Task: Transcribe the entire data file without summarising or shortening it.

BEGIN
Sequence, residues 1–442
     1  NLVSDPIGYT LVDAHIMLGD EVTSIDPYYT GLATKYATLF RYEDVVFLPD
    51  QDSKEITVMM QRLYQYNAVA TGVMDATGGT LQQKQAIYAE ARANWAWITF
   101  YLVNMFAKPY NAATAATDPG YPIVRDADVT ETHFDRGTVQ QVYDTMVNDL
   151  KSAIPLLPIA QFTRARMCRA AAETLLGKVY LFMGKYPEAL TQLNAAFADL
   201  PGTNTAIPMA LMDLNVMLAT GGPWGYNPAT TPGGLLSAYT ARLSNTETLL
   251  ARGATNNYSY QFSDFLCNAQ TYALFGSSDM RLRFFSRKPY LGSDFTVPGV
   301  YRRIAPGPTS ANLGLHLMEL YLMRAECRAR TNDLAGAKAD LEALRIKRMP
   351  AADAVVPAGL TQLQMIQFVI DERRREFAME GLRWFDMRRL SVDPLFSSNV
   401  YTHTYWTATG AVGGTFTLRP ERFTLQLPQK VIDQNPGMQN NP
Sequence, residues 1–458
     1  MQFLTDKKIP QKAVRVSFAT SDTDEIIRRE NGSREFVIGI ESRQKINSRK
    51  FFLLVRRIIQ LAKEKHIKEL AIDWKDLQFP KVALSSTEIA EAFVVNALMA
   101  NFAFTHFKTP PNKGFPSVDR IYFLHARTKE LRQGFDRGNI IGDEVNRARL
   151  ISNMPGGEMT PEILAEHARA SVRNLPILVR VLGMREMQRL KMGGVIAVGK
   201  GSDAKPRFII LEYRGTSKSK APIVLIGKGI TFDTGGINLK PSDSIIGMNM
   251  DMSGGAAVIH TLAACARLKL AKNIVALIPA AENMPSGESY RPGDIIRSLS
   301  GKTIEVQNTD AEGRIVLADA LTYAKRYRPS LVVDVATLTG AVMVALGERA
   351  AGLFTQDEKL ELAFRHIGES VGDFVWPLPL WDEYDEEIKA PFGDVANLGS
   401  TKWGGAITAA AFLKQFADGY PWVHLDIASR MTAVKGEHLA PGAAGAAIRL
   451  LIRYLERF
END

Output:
Sequence, residues 1–442
     1  NLVSDPIGYT LVDAHIMLGD EVTSIDPYYT GLATKYATLF RYEDVVFLPD
    51  QDSKEITVMM QRLYQYNAVA TGVMDATGGT LQQKQAIYAE ARANWAWITF
   101  YLVNMFAKPY NAATAATDPG YPIVRDADVT ETHFDRGTVQ QVYDTMVNDL
   151  KSAIPLLPIA QFTRARMCRA AAETLLGKVY LFMGKYPEAL TQLNAAFADL
   201  PGTNTAIPMA LMDLNVMLAT GGPWGYNPAT TPGGLLSAYT ARLSNTETLL
   251  ARGATNNYSY QFSDFLCNAQ TYALFGSSDM RLRFFSRKPY LGSDFTVPGV
   301  YRRIAPGPTS ANLGLHLMEL YLMRAECRAR TNDLAGAKAD LEALRIKRMP
   351  AADAVVPAGL TQLQMIQFVI DERRREFAME GLRWFDMRRL SVDPLFSSNV
   401  YTHTYWTATG AVGGTFTLRP ERFTLQLPQK VIDQNPGMQN NP
Sequence, residues 1–458
     1  MQFLTDKKIP QKAVRVSFAT SDTDEIIRRE NGSREFVIGI ESRQKINSRK
    51  FFLLVRRIIQ LAKEKHIKEL AIDWKDLQFP KVALSSTEIA EAFVVNALMA
   101  NFAFTHFKTP PNKGFPSVDR IYFLHARTKE LRQGFDRGNI IGDEVNRARL
   151  ISNMPGGEMT PEILAEHARA SVRNLPILVR VLGMREMQRL KMGGVIAVGK
   201  GSDAKPRFII LEYRGTSKSK APIVLIGKGI TFDTGGINLK PSDSIIGMNM
   251  DMSGGAAVIH TLAACARLKL AKNIVALIPA AENMPSGESY RPGDIIRSLS
   301  GKTIEVQNTD AEGRIVLADA LTYAKRYRPS LVVDVATLTG AVMVALGERA
   351  AGLFTQDEKL ELAFRHIGES VGDFVWPLPL WDEYDEEIKA PFGDVANLGS
   401  TKWGGAITAA AFLKQFADGY PWVHLDIASR MTAVKGEHLA PGAAGAAIRL
   451  LIRYLERF